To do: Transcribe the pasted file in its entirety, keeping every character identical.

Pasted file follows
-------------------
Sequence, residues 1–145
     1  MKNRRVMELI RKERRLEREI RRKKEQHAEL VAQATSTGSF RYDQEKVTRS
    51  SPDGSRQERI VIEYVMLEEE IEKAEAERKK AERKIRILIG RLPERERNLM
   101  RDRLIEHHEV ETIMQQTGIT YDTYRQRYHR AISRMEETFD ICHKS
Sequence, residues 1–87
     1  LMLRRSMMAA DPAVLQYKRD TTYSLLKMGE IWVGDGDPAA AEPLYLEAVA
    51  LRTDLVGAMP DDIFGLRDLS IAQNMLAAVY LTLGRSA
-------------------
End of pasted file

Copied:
Sequence, residues 1–145
     1  MKNRRVMELI RKERRLEREI RRKKEQHAEL VAQATSTGSF RYDQEKVTRS
    51  SPDGSRQERI VIEYVMLEEE IEKAEAERKK AERKIRILIG RLPERERNLM
   101  RDRLIEHHEV ETIMQQTGIT YDTYRQRYHR AISRMEETFD ICHKS
Sequence, residues 1–87
     1  LMLRRSMMAA DPAVLQYKRD TTYSLLKMGE IWVGDGDPAA AEPLYLEAVA
    51  LRTDLVGAMP DDIFGLRDLS IAQNMLAAVY LTLGRSA